As it relates to the shorter term though, over the past couple of days we have been covering our shorts and adding long exposure to the Hedgeye Virtual Portfolio. This is not because we have become overly bullish on equities, but rather the market has sold off dramatically over the past seven weeks and our key economic catalyst is now behind us, which was the abysmal housing numbers of the past couple days.
While we aren't wedded to our bearish views, both the fundamentals and quantitative set up continue to support this stance. So, perhaps the best way to think of it is that we've gone from being Growling Loud Equity Bears to Cuddly Bears. As a result, we currently have 14 longs and 8 shorts in the virtual portfolio, which is great positioning for a Cuddly Bear.
If you are looking for an equity Bull to support your investment positioning through year end, look no further than Lazlo Birinyi. This morning he is out with the call that the S&P500 will rally 16% into year-end to the level of 1,225. Interestingly, that is below his March target of 1,325. Since this morning we are being Cuddly Bears, we aren't going to challenge Lazlo to a Hamiltonian Macro Economic Dual. Albeit we do question any process that produces a round target for an equity index through an arbitrary time frame, but perhaps that is just us.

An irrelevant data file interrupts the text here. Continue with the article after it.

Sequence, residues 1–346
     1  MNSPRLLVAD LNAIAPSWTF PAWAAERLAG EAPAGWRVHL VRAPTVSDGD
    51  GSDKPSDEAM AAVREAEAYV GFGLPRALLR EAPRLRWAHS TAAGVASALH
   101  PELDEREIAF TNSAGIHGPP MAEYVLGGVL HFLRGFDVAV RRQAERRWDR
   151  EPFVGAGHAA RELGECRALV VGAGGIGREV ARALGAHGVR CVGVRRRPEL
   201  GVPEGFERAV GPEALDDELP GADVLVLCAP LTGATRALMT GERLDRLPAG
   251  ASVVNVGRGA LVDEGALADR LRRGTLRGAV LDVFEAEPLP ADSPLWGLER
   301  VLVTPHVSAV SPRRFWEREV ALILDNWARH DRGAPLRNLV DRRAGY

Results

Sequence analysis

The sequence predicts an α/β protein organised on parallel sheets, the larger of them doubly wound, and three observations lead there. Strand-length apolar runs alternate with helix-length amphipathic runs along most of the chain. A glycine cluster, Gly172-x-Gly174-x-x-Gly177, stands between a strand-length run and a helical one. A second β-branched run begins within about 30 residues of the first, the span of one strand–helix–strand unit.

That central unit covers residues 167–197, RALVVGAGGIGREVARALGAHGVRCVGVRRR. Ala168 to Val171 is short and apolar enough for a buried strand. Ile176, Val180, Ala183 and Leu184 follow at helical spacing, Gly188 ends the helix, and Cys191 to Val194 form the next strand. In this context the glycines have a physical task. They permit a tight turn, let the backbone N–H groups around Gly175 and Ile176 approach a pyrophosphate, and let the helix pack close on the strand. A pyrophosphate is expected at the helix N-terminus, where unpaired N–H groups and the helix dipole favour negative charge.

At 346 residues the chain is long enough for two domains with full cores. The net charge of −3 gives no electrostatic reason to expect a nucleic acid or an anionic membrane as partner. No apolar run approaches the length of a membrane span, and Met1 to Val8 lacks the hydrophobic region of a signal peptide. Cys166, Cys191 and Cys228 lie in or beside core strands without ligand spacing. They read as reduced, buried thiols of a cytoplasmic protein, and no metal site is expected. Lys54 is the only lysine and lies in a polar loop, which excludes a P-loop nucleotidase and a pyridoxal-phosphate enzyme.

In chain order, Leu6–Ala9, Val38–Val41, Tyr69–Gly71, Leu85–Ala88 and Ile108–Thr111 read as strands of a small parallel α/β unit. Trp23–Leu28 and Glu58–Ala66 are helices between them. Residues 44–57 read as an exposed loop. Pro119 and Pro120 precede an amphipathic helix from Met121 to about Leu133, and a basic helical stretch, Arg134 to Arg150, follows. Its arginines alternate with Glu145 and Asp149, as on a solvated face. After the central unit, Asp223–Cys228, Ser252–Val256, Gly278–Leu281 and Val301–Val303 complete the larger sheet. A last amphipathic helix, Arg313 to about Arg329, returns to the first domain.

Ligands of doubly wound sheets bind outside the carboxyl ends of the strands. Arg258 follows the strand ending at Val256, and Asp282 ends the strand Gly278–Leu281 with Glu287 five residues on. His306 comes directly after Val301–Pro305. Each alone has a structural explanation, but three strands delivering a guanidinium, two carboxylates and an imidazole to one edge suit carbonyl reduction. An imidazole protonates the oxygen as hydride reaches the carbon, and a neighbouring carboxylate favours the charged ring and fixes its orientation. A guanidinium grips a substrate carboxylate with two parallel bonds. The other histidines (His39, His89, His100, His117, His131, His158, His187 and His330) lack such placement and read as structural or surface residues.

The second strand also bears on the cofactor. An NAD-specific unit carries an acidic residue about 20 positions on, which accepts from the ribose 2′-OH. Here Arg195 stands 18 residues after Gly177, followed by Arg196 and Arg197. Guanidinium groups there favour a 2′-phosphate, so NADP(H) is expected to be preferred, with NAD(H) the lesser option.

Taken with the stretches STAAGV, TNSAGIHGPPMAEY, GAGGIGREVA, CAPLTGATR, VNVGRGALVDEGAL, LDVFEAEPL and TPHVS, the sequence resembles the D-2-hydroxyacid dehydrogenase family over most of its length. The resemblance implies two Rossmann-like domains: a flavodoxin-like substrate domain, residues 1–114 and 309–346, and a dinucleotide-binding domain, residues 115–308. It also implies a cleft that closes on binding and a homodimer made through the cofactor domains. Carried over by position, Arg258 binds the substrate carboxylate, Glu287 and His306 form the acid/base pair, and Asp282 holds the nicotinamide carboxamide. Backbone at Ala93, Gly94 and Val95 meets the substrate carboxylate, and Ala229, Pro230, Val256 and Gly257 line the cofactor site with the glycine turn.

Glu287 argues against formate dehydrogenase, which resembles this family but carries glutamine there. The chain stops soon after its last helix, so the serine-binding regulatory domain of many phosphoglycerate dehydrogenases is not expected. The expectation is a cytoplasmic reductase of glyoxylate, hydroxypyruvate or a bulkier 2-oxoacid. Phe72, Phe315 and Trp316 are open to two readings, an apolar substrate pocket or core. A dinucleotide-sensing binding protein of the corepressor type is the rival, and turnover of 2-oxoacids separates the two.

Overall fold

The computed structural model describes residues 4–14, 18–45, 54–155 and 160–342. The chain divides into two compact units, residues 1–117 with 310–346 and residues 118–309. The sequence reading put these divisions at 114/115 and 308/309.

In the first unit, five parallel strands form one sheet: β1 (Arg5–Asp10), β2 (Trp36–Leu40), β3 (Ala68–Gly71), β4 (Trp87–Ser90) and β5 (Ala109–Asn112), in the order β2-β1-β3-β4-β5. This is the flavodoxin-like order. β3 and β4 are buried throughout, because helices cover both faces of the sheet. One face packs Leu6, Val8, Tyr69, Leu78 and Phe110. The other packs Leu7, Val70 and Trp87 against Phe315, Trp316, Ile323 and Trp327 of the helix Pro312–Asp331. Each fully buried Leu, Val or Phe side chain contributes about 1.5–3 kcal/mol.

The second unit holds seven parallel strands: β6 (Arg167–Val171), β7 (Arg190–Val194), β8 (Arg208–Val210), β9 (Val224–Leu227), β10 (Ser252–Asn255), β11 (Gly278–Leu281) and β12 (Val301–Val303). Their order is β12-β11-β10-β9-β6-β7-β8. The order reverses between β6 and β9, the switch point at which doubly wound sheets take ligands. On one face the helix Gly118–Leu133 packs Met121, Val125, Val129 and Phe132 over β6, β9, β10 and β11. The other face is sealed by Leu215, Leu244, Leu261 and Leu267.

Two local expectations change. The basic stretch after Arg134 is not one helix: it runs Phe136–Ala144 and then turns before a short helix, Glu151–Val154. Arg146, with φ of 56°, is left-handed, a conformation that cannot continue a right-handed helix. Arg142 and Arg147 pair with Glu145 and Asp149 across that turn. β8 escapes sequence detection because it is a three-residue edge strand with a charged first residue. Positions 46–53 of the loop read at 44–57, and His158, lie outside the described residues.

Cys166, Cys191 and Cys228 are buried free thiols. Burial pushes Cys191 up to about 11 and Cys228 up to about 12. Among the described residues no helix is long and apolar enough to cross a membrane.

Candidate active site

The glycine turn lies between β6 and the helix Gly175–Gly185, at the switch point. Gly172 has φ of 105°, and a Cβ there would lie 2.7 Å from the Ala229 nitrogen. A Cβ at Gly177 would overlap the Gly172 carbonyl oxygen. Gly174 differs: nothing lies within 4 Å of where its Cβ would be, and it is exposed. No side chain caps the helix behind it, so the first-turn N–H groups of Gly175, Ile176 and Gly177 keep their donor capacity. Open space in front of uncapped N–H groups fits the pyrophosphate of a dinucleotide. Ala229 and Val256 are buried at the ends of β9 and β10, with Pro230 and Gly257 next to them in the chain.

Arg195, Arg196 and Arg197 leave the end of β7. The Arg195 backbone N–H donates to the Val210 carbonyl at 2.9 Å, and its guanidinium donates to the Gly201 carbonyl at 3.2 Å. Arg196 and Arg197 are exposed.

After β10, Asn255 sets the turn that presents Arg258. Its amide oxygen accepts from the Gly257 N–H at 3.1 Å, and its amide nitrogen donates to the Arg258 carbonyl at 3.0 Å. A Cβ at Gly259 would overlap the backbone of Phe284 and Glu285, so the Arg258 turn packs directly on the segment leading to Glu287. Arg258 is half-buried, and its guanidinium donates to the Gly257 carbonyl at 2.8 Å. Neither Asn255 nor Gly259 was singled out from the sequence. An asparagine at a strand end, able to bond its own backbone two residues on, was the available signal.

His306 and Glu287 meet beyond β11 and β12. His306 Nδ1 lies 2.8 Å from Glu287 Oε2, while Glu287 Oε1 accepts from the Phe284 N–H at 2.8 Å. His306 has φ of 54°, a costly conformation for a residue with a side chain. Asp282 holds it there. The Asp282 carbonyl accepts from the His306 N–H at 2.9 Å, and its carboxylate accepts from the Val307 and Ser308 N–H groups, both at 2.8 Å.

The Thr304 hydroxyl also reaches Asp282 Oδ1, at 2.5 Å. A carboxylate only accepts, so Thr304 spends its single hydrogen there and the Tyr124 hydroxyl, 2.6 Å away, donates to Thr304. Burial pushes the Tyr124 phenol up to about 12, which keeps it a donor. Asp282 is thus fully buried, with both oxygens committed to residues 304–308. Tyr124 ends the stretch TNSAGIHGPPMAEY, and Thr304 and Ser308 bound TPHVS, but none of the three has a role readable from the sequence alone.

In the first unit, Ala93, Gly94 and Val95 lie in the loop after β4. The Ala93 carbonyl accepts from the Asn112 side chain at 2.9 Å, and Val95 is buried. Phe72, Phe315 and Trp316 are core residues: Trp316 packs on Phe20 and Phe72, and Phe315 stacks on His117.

As we look forward though, we are not sure how cuddly we will remain. The combination of initial jobless claims this morning at 830 a.m., Chairman Bernanke speaking at Jackson Hole tomorrow, and the second release of GDP for Q2 tomorrow will all combine to set the stage heading into September. While we are not convinced these events will have a negative impact on the market in the short term, they will provide incremental data to inform our view through year-end.
And who knows, if the data is bad enough, perhaps we will drop our SP500 target by EXACTLY 100 points, just like Lazlo. That is unlikely, however, given our macro models don't have a factor which incorporates licking your finger and holding it up to see which way the wind is blowing.
In the chart of the day, we have inserted a cute picture that shows President Obama inadvertently giving Treasury Secretary Timmy Geithner the middle finger. This is not what President Obama really thinks of Timmy, but the President would probably like to Channel Hammy.
Yours in risk management,
Daryl G. Jones